Clay Pinch Pots
Making simple pinch pots from air dry clay allows children to shape and mold earthy creations using their hands. They make wonderful little vessels for holding treasures both real and imagined.
Why Make Pinch Pots?
- Molding clay is sensory, calming, and soothing
- Develops fine motor skills and dexterity
- Opportunity to discuss shapes, textures, and 3D form
- Allows free-form building without right/wrong result
- Natural clay is eco-friendly and made from the earth
- Finished pots make great gifts, vases, or hideaways for trinkets
What You Need:
- Air dry clay, natural clay, or homemade salt dough
- Acrylic paints or natural pigments
- Leaves, flowers, seeds (optional)
- Shells, pebbles, beads (optional)
Ages 3+ can pinch basic pots with supervision. Ages 5+ can work more independently.
Creating Pinch Pots Step-by-Step:
- Give children a ball of clay about the size of a grapefruit. Have them cup it in their hands.
- Press thumbs into the center of the ball to hollow out a space for the pot belly.
- Pinch and smooth the clay outward from the hole to form the pot walls. Turn as you pinch.
- Add decorative details like pressed leaves or beads if desired.
- Allow pots to dry fully then paint or leave natural.
- Fill with air plants, flowers, or kid's special treasures!
Making pinch pots allows the flexibility and creativity of sculpting without the need for any special tools. Let kids follow their own natural instinct for shaping as they create unique pots.
No, a rotating platform is not necessary for making simple pinch pots with air dry clay. The key steps are:
- Start with a ball of clay and cup it in your hands
- Use thumbs to press into the center of the ball, hollowing out a space
- Pinch the clay outward from the inside hole to form the pot walls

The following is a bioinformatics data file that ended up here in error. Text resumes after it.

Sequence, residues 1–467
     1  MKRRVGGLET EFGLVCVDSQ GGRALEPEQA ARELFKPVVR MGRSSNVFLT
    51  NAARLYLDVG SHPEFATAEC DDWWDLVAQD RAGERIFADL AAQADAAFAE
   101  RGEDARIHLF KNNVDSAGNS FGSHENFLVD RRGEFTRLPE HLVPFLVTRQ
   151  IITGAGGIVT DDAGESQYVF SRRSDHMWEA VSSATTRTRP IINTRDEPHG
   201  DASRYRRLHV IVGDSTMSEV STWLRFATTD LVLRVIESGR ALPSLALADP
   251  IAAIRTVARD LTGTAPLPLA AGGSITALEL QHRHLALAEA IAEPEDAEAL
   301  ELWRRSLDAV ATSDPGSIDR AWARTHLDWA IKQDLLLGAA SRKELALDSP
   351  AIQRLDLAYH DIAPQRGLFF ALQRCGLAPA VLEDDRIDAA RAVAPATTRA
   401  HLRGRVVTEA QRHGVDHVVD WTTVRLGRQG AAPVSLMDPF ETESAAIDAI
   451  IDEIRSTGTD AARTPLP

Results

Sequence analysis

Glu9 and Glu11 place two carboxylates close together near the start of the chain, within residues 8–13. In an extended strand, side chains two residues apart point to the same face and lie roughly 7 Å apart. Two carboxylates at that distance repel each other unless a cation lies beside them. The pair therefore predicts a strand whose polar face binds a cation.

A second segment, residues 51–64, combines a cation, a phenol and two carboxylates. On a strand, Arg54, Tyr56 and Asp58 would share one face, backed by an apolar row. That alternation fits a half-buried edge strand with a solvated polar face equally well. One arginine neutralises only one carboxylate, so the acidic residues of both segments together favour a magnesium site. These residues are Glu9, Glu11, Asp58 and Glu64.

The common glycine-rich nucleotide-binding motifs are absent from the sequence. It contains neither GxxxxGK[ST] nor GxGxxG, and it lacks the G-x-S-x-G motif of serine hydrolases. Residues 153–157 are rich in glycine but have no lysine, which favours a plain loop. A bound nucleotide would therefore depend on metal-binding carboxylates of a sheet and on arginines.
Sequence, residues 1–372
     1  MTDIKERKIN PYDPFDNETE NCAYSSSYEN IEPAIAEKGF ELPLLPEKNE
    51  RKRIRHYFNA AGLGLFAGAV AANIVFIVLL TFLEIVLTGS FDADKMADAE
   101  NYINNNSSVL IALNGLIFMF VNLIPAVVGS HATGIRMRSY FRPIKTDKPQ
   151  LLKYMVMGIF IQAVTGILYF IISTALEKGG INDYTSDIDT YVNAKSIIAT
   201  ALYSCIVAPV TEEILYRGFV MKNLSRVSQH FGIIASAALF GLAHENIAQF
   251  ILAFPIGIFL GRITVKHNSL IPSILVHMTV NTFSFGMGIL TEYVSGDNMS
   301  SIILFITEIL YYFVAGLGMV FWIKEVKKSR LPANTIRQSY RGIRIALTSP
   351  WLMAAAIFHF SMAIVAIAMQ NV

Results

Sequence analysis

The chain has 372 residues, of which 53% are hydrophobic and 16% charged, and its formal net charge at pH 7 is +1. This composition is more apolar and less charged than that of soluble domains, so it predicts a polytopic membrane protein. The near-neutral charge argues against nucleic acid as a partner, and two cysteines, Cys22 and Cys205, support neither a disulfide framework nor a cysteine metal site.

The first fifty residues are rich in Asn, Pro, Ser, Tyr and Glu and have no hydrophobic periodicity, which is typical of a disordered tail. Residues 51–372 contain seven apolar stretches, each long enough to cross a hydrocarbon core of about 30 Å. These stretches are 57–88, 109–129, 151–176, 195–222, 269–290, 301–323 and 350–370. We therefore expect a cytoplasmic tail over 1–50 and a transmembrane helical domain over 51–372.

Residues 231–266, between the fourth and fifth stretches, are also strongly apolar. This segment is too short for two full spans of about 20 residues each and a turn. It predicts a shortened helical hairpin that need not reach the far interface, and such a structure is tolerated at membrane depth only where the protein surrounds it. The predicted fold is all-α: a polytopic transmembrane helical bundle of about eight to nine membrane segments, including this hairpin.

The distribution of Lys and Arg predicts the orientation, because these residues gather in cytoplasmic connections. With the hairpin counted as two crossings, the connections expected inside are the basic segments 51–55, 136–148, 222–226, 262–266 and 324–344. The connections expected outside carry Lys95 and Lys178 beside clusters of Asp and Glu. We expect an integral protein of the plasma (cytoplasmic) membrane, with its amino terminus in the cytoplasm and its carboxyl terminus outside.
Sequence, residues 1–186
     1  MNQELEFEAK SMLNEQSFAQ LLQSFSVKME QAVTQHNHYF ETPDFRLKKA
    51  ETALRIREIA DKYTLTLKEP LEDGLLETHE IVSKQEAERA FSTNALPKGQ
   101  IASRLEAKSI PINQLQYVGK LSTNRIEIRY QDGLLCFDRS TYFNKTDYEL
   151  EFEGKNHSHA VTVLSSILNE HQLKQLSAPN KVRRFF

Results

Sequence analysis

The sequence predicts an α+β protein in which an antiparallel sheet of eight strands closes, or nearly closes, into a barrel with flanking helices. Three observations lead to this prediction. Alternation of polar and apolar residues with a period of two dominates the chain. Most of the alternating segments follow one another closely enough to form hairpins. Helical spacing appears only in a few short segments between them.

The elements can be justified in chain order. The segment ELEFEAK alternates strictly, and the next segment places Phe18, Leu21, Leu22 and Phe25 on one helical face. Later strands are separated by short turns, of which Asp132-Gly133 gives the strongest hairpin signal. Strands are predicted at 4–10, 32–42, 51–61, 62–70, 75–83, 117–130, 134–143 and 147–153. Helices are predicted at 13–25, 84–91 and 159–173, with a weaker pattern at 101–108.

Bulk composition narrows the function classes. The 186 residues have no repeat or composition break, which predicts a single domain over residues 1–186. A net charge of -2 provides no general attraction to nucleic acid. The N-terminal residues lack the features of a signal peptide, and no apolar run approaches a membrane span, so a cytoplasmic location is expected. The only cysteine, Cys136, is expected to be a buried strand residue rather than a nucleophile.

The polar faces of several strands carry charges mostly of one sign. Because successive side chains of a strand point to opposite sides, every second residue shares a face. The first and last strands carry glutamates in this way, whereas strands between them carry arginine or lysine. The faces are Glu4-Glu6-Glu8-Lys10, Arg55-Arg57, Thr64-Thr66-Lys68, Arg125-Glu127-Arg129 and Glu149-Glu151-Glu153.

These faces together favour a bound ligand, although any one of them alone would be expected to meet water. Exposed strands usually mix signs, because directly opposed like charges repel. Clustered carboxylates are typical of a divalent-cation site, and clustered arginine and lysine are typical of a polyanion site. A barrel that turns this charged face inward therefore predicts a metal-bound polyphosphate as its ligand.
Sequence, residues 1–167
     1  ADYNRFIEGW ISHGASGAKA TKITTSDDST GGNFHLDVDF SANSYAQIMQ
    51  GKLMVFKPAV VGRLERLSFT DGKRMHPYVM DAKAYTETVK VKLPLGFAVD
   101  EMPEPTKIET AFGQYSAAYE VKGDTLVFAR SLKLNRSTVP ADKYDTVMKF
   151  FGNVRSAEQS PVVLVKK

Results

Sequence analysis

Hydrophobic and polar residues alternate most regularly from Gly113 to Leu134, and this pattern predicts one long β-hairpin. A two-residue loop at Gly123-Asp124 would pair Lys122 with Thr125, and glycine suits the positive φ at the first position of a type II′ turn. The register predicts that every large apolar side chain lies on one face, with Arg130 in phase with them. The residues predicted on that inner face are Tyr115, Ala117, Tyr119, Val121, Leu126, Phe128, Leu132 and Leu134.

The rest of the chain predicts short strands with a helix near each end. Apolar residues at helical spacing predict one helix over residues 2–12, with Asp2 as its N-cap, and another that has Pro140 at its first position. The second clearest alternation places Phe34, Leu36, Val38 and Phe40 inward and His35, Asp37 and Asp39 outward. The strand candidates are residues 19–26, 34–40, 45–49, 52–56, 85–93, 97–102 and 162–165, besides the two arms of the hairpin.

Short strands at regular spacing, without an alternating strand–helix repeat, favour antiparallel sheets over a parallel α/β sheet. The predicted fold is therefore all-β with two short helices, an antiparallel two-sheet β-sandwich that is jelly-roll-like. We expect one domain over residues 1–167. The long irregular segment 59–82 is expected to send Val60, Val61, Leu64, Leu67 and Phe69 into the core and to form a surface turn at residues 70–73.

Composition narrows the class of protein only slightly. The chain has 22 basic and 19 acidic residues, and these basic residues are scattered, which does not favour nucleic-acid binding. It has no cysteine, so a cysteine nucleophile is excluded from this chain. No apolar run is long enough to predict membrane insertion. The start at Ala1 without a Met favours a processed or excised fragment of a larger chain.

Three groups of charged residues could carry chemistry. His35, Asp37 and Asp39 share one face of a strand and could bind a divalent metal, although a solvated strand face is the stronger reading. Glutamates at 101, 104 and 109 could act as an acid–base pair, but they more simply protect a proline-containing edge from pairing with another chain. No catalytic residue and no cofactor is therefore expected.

- Smooth and shape the outside surface with your fingers
- Turn the ball of clay around in your hands as you pinch and shape
The turning motion can be accomplished by the child's hands alone, no pottery wheel or rotating platform is required. The clay is soft and pliable enough for little hands to manipulate and shape freehand into a basic pot form.
A rotating pottery wheel or lazy susan can be useful for making more symmetrical, refined pots if desired. But for beginner pinch pot projects, the manual dexterity of pinching, smoothing, and rotating the material with one's hands is sufficient and allows a very hands-on, sensory experience for children.
What's the best clay to use for kids' pinch pots?
Air dry clay is a good choice for kids. It doesn't require baking to harden, allowing instant gratification. Natural clays like pottery clay can also work well. Avoid clays that require high oven temperatures. Modeling clay or homemade salt dough are other good options.
How can I decorate pinch pots?
- Paint finished, dried pots with acrylics, tempera, or natural pigments
- Press leaves, flowers, seeds, or beads into the surface before drying
- Wrap with natural jute twine or raffia
- Glue on ribbons, lace, or fabric scraps
- Use a brush and liquid clay slip for added texture
What can pinch pots be used for?
Pinch pots make great:
- Vases for flowers or plants
- Containers for trinkets, coins, gems, or other treasures
- Decoration around the home
- Sent as gifts, especially sets of mini pots
- Toys for imaginary play like cooking
- Decorative bowls, cups, or tableware for doll play